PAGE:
- Houseplants don't have legs and are therefore non-ambulatory; and
- Houseplants sink roots into the soil, which, in a natural environment, securely affixes them to terra firma, and, inside a building, solidly situates them in pots that they cannot move from place to place without assistance from an animal (human, canine, or feline, for instance).
Wednesday, July 27, 2011
Gotta Go Walkies, Says the Rhododendron
I can hardly believe this as my minion is typing this sentence. (Why do anything yourself when you have minions? Classic feline sense, there.) Today (July 27) is "Take Your Houseplants for a Walk" Day.
"I've Gotta Go Walkies!"
(Thanks to Monty Python's Flying Circus)
Where to begin with this one? We could start with some obvious observational preliminaries, such as
Ergo, houseplants cannot go on walkabout.
Of course, I get what the holiday promoters are saying: humans should carry their houseplants around outside so the plants can experience nature's wonders first-hand. One website suggests that carrying houseplants around one's neighborhood "enables them to know their environment, thereby providing them with a sense of knowing, bringing on wellness." I'm afraid I must disagree. Awareness does not automatically equate health and well-being. Just ask any meeces that realize they are within snagging distance of my claws.
A houseplant's environment is, by definition, the human structure in which it has been placed by its supervisory person. Taking it outside would merely introduce it to an alien environment in which it doesn't ordinarily live. This may afford the plant a "sense of knowing," but it could also be quite stressful as the plant attempts to adjust to the strange and varying conditions encountered outdoors. Slobberdogs could rush up and relieve themselves on the houseplant (shocking, I know, but I've seen it happen). Kitties looking for a bit of greenery to aid in hairball disposal could take a quick nibble. Humans could drop the pot, with houseplant suffering an unpleasant soil displacement.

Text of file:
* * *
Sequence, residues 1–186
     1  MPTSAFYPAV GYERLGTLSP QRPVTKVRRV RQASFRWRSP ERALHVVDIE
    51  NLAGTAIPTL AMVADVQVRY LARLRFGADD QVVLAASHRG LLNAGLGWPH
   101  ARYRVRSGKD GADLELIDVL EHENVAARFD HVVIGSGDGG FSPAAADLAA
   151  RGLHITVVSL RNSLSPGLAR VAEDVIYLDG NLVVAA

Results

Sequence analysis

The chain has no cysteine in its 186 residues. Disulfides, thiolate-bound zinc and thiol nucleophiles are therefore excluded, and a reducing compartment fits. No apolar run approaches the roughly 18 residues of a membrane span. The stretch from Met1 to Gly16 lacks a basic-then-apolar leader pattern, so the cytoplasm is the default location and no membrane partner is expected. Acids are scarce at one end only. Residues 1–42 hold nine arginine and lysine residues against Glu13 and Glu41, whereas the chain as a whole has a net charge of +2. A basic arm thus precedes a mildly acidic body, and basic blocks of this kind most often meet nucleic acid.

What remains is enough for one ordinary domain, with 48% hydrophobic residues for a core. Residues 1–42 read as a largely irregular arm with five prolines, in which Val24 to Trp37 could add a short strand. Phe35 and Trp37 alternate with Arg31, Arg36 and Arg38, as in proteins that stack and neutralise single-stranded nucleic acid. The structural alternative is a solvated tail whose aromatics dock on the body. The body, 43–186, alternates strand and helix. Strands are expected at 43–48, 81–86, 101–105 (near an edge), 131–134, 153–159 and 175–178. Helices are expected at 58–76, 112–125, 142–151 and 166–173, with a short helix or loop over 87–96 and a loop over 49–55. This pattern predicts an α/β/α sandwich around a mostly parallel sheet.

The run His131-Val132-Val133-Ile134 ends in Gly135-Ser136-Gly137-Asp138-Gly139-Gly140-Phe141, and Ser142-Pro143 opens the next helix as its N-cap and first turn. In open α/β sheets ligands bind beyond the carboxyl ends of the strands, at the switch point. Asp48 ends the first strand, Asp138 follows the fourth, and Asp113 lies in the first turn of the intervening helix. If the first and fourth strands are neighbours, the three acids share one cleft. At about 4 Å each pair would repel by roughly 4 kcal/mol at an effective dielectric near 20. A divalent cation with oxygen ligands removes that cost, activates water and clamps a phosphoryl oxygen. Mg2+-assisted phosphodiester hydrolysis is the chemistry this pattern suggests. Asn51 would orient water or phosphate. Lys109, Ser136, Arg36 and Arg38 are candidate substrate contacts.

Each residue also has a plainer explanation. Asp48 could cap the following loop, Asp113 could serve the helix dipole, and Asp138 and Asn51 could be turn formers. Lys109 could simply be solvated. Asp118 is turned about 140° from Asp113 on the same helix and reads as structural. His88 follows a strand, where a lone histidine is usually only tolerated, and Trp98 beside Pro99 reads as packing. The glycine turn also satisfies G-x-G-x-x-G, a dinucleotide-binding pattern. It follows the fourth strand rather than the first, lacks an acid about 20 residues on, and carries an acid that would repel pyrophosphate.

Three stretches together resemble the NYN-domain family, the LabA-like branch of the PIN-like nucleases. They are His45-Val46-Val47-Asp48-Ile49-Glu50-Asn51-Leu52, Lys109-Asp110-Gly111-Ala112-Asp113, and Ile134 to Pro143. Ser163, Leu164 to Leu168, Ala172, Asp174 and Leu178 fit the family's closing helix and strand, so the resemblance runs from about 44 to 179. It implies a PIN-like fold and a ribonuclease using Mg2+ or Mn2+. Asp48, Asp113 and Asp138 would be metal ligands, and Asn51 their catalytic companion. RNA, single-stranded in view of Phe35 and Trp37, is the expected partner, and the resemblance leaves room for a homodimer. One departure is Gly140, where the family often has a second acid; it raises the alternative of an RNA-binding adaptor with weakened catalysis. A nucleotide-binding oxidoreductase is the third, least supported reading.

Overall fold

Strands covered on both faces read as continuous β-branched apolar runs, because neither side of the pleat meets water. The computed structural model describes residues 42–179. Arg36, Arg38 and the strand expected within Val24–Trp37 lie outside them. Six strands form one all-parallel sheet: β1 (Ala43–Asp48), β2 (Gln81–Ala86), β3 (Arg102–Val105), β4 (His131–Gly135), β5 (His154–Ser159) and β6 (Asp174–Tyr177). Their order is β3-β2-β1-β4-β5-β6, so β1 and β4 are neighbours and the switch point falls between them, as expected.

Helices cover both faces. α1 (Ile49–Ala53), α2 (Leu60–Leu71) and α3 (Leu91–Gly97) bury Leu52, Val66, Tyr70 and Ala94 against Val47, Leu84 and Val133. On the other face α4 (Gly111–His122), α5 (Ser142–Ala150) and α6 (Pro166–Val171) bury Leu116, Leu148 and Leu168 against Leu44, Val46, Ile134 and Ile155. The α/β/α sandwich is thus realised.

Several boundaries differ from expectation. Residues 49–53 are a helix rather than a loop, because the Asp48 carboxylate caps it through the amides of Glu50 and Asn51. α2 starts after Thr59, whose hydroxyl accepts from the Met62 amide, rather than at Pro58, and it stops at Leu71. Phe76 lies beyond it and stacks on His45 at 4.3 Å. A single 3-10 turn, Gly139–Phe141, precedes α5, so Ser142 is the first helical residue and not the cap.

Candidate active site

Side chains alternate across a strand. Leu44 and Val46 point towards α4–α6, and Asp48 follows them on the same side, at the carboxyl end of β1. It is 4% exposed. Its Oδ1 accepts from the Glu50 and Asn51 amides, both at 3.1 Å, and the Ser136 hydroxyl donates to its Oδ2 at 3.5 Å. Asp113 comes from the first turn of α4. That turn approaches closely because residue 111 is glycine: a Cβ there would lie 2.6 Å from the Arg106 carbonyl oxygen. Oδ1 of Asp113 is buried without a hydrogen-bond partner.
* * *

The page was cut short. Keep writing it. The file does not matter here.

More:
I can tell you that, for indoor-only kitties such as Junior (of Junior's Farm), going outside the house is downright frightening. I can only imagine that a houseplant, which is accustomed to being rooted in more or less the same place (a pot, inside a home), would find being suddenly removed from its safe, familiar indoor environs to be threatening and confusing.
There is a counter-argument that plants communicate empathically or (for lack of a more precise term) telepathically, and therefore they would easily adapt to being carried in a natural outdoor environment amongst their exterior-dwelling kin. You may be surprised to learn how conscious plants actually are--read The Secret Life of Plants, by Peter Tompkins and Christopher Bird, if you have an objective mindset--so going walkies would probably perk-up your languishing houseplants. I've been in your house, Scowl-Face, so trust me, it's a good idea to get some fresh air. Just saying.
How could "plant walkies" be effectively accomplished? If the human caretaker protected the houseplant and provided a safe and reassuring ambulatory excursion, then the plant would feel safe to absorb external stimuli from the outside world. Exploring, after all, is a fun part of living--ask any cat--so sensing the neighborhood, however plants may perceive it, could be an invigorating encounter.
My advice to you home-bound houseplants: consider yourselves lucky. All the humans I know have butterfingers, and the slobberdogs--well, the less said, the better. Take an umbrella or raincoat--that's all I'm saying. Those slobberdogs can be quick, and they drink a lot of water.
Show Your Houseplants Some YouTube Videos About the Outside World, Instead--Just Saying,
Cauli Le Chat
MPL Roving Reporter
Holiday News Beat
P.S. A natural (pun intended) musical closer for this posting is "The Trees," by Rush, from the LP Hemispheres (1978).